Riding the school bus is largely a privilege and not a right. Many states spell this out in their regulations. However, the Individuals with Disabilities Education Act (IDEA) mandates the related service of transportation as a right of certain students to receive a free and appropriate education, or FAPE, based upon their needs as related in their Individualized Education Program. Likewise, Title I and the McKinney-Vento Homeless Assistance Act mandate that schools provide transportation service for low-income and at-risk students.
Otherwise, local school districts for the most part provide school busing as a free add-on service for the safety of students and the benefit of the community, in all the ways espoused by the American School Bus Council, especially when students live outside of a specified walking distance from home to school or encounter hazardous walking routes in between.
Given the fact that the federal government, states and safety experts widely and correctly agree that there is no safer mode of transportation for students than the yellow bus, it’s often in the best interest of school districts to offer school busing to its general education population because transportation service ensures students are in class, and counted toward state aid.
But as a certain duck on television might say, “Except when they don’t, because then they won’t.” Transportation is often viewed as too expensive or at least funneling away much-needed classroom dollars, despite accounting for less than 5 percent of most district-wide budgets.
The new reality is an ever-growing list of school districts are only providing transportation when and where they must. School transportation is becoming a specialized form of service that was already special to begin with. But how much more special should school busing be? That’s a question the U.S. Supreme Court is expected to address this year. In January, SCOTUS heard the case of Endrew F. v. Douglas County School District, which seeks to answer a fundamental question: What exactly constitutes FAPE?
Endrew’s parents want reimbursement from the public-school district for sending their son to a private school that specializes in educating students on the autism spectrum. They claim that Endrew was not previously receiving a quality public education, one with demonstrated and measurable improvement. Instead, they claim he was receiving an educational benefit that was barely more than nothing.
Legally speaking, this is referred to as “de minimis,” as was ruled by the Supreme Court in the 1982 case Board of Educ. v Rowley. This is where we got the interpretation of a “Chevy vs. Cadillac.” The Court ruled that school districts need only to offer “a basic floor of opportunity” rather than to maximize a child’s potential.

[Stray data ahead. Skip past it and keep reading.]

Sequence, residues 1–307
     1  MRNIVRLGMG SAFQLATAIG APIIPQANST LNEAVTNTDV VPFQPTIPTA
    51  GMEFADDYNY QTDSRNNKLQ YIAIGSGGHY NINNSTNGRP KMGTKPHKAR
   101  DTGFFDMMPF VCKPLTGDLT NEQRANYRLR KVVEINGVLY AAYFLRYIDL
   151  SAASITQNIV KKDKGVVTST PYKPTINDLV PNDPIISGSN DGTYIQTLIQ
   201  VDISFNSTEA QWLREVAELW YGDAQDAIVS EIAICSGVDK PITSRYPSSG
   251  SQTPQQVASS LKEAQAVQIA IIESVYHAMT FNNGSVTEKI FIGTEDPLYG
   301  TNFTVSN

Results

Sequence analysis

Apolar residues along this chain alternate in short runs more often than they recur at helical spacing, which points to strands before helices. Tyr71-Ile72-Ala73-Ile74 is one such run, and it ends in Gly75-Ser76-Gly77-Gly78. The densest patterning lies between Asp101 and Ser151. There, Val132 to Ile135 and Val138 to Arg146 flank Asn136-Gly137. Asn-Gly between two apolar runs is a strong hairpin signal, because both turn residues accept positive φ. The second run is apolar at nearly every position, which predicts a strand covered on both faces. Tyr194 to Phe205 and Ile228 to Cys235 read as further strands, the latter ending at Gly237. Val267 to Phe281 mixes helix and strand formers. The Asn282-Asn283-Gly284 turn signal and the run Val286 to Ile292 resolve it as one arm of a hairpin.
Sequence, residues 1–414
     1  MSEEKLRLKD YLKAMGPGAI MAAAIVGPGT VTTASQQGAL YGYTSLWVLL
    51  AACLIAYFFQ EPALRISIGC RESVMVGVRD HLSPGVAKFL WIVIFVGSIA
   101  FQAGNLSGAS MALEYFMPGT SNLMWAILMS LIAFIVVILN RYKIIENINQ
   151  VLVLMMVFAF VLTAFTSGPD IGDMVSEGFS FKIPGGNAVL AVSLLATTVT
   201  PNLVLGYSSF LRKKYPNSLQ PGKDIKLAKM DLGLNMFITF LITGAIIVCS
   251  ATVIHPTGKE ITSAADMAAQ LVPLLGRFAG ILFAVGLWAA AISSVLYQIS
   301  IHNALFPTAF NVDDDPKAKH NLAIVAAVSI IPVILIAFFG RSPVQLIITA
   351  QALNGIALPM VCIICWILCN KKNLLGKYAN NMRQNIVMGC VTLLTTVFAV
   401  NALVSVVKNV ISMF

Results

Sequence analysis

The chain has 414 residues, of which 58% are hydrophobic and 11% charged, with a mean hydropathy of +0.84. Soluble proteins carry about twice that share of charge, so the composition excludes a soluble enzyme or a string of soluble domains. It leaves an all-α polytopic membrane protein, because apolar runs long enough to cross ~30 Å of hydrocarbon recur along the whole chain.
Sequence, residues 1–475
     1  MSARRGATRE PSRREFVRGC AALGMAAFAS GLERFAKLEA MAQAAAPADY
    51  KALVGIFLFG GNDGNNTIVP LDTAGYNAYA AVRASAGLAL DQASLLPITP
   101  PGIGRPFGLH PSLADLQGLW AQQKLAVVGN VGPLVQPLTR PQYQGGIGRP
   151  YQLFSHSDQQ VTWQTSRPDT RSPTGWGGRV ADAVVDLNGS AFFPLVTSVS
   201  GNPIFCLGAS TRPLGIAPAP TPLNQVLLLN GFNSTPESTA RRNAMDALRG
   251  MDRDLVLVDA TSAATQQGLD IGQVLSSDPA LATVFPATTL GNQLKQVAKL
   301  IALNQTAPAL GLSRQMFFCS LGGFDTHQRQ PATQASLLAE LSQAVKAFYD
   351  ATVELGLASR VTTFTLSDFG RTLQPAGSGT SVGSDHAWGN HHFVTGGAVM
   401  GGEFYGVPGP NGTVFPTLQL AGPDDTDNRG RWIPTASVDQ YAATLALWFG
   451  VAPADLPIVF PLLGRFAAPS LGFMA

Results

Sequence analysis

Six other U.S. Circuit Courts, including the 10th in Endrew F., have since applied “de minimis” to similar cases on FAPE. Two other U.S. appeals courts, however, ruled that a trivial educational benefit is substandard.
Essentially, the argument before the Court follows: Is it morally right to apply different degrees of federal protection to students with disabilities based solely on where they live? And if the Chevy isn’t working, who’s going to pay for the Cadillac? Students must show reasonable progress based on their ability, says IDEA, so is doing more than nothing enough?
What does this all have to do with transportation, you ask? Consider the Least Restrictive Environment, another major tenet of IDEA. Student transporters have long worked under the premise that LRE, to the maximum extent appropriate for that student, means transporting students with disabilities in the same manner, for the same length of time and on the same or similar vehicle as their general education peers. Although school districts often specify door-to-door serve for younger children, IDEA stresses the need for schools to prepare students for post-K-12 education, often involving increased expectations as students grow older, in accordance with their capabilities.
The child advocate in all of us should hope that SCOTUS raises the bar on education of students with disabilities because it’s the right thing to do. But we must also recognize that doing so could result in unintended consequences of more expensive and specialized transportation service. And if the Court does raise the bar, what could that mean if current congressional legislation passes that makes no mention of IDEA or FAPE in rewrites of the federal education bill, not to mention potential cuts to education programs in favor of vouchers?
These are questions we all should—no, must—raise.
Editor's Note: Shortly after going to press with our April issue, the Supreme Court ruled unanimously with an 8-0 vote that IDEA requires a higher standard of education for students with disabilities. Read a legal interpretation of the decision and what it means to student transporters in our May magazine issue.
Reprinted from the April 2017 issue of School Transportation News magazine.
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